The World Health Organisation has issued guidelines to simplify diagnosis and treatment of Hepatitis B. The new guidelines come one year after the United Nation’s health agency published the first ever rules on treating Hepatitis C.
Hepatitis B is a viral infection that is spread through blood and body fluids, attacking the liver and resulting in an estimated 650,000 deaths each year — most of them in low- and middle-income countries.
The guidelines for the prevention, care and treatment of persons living with chronic Hepatitis B infection include the use of fewer, simple and non-invasive tests to assess the stage of the liver disease.
They aim at helping identify who needs treatment; prioritising treatment for those with an advanced stage of the disease; the use of two safe and highly effective medicines, tenofovir or entecavir, and regular monitoring with simple tests for early detection.
Assessing efficacy of treatment (and if it can be stopped); and the needs of specific persons such as those also infected with HIV, children, adolescents, and pregnant women are also considered under the new guidelines.
A survey carried out in 2012 on 12,000 pregnant women in selected health facilities in Rwanda, found 3.7 per cent of them with Hepatitis B and 2.6 per cent with Hepatitis C.
“It is an indication of the severity of the problem,” says Stany Ngarukiye, a public health specialist at Mount Kenya University and member of the Rwanda Organisation for Fighting against Hepatitis (ROFAH).
Dr Aimable Mbituyumuremyi, the Director of other blood born Infections unit at Rwanda Biomedical Centre (RBC), says that four out of every 100 people in the country have Hepatitis C.
He added that another study carried out between 2013 and 2014 in Kigali showed that 5 per cent of HIV positive people were found to have Hepatitis B.
“We found Hepatitis B commonest around border areas, perhaps because of high levels of prostitution,” Mbituyumuremyi says.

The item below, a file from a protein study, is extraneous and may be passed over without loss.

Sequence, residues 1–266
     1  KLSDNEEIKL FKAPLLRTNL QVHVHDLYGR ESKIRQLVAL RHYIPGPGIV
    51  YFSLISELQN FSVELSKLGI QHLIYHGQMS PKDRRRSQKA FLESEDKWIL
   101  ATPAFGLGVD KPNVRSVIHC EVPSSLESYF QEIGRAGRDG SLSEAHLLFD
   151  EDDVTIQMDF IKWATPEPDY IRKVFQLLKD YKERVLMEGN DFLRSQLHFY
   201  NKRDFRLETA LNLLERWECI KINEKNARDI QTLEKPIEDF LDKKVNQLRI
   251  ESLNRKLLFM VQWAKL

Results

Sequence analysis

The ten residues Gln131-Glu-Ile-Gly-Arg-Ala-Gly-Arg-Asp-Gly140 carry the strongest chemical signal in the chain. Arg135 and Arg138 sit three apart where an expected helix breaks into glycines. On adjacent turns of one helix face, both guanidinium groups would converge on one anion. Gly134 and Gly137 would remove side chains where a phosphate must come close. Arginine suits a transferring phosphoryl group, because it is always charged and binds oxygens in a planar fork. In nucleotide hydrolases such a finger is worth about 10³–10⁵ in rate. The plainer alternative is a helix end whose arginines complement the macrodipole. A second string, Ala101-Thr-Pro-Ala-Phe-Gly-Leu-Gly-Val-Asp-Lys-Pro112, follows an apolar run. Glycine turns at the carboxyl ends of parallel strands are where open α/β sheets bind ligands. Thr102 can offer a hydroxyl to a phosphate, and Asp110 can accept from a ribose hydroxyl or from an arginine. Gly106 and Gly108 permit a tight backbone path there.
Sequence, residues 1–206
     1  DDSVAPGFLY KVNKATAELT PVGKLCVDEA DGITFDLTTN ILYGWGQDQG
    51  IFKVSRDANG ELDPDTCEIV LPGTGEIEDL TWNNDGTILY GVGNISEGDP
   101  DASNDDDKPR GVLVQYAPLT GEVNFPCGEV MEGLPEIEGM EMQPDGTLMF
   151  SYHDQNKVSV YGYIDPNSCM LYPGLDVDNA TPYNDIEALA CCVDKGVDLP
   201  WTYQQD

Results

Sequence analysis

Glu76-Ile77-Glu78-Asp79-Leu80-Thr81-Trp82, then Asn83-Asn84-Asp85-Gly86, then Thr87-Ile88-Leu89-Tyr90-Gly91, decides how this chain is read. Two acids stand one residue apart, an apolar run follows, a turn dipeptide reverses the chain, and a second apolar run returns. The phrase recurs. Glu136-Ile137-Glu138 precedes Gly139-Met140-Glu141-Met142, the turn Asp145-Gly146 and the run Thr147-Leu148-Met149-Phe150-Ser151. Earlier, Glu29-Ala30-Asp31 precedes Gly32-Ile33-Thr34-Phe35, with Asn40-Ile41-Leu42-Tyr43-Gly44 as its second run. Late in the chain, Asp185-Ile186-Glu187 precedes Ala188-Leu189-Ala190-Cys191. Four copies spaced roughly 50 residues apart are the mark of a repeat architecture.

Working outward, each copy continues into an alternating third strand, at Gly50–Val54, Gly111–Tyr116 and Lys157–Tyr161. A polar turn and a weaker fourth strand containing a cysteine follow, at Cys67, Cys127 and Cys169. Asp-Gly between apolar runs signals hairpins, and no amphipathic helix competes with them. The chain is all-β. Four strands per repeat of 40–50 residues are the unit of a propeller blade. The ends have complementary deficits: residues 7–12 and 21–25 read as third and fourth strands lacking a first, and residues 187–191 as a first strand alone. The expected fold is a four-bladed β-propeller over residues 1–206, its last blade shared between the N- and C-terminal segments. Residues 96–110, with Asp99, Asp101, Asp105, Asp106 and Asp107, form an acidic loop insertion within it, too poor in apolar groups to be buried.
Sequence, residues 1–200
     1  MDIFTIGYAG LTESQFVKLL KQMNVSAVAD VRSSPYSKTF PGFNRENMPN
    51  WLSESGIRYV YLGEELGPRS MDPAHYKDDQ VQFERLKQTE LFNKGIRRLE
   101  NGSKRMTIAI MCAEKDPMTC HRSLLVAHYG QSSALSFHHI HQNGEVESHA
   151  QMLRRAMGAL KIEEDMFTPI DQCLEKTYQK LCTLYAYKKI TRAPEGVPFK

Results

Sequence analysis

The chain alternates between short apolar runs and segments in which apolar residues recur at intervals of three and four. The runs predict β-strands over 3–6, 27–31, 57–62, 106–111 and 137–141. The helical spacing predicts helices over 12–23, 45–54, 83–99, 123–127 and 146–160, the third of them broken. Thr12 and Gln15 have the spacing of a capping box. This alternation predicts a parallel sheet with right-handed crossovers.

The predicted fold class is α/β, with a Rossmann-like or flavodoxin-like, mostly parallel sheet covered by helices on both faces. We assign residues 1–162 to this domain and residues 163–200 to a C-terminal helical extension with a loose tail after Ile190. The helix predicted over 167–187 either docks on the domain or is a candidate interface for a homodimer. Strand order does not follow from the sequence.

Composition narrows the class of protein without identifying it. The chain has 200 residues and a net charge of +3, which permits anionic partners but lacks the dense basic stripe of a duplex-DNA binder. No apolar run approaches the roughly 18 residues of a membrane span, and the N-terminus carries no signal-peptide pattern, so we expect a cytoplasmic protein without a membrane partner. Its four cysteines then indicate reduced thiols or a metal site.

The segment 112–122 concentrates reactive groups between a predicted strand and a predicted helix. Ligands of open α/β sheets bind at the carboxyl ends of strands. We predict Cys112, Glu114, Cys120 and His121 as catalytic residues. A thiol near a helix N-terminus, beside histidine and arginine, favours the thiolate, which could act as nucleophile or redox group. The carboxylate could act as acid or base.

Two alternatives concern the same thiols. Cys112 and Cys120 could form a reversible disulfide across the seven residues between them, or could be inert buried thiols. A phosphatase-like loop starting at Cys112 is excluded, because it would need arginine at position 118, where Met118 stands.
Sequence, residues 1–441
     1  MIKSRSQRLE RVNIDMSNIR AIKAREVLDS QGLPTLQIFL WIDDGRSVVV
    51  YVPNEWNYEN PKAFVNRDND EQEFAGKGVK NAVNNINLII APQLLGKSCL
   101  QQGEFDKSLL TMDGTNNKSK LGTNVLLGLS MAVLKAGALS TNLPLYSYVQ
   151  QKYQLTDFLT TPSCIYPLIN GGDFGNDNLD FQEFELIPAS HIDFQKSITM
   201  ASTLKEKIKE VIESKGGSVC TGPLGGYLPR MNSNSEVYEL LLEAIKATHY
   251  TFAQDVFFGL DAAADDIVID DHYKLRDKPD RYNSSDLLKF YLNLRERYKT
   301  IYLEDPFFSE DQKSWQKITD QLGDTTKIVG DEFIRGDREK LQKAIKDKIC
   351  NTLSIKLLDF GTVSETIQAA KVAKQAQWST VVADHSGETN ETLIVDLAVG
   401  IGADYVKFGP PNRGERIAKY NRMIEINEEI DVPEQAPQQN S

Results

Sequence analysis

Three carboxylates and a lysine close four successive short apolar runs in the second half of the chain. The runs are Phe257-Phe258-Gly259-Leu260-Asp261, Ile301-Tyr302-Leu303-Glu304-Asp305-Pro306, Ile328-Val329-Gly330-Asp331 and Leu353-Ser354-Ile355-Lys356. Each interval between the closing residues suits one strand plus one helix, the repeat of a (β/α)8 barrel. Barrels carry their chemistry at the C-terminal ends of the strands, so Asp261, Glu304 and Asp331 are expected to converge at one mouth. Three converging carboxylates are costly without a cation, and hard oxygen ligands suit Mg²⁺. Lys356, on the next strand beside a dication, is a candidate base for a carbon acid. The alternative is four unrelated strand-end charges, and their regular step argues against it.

The two diseases are not covered by community based public health insurance, Mutuelle De santé, making treatment expensive.
“Treatment of Hepatitis C takes about 42 to 48 weeks, at a cost ranging from Rwf8 to 12 million”.
Currently children access Hepatitis B vaccines free of charge, but an adult has to part with about Rwf27,000 for the whole vaccine dose.A single test for Hepatitis B and C ranges between Rwf4,000 and Rwf5,000.
“We have not carried out a survey to ascertain the number of hospitals offering that kind of care, but all I know is that the four referral hospitals in the country do,” Ngarukiye said.
He noted that there was need for a countrywide survey to ascertain the scope of the Hepatitis problem, as the existing figures are for pregnant women from a few health facilities.
“The biggest challenge with Hepatitis B and C is that one can go for up to 30 years without noticing, since signs and symptoms take long to show up. It is, therefore, important for anyone who has never gone for screening to do so”
Effective medicines exist that can prevent people from developing these conditions but most people are unable to access them or can only obtain substandard treatment.
“One reason for this is the lack of clear evidence-based guidance, especially in low- and middle-income countries, as to who should be treated and what drugs to use,” said Stefan Wiktor, who leads the WHO Global Hepatitis Programme.
The two recommended medicines are available in many countries as generics, and are relatively affordable, costing as little as $5 per person per month.
“Because for many people, treatment is lifelong. It is important that patients access the medicine at the lowest possible price,” said Dr Wiktor.
About 350 million people around the world have Hepatitis B, while 210 million have Hepatitis C, according to the WHO—with the two accounting for almost 80 per cent of all liver cancer cases.
Information from the same organisation shows that HIV and Hepatitis C have common routes of transmission and approximately 4 to 5 million are co-infected with these two viruses.
The transmission risk is estimated at four to eight per cent among mothers without HIV infection and 17 to 25 per cent among mothers with HIV infection.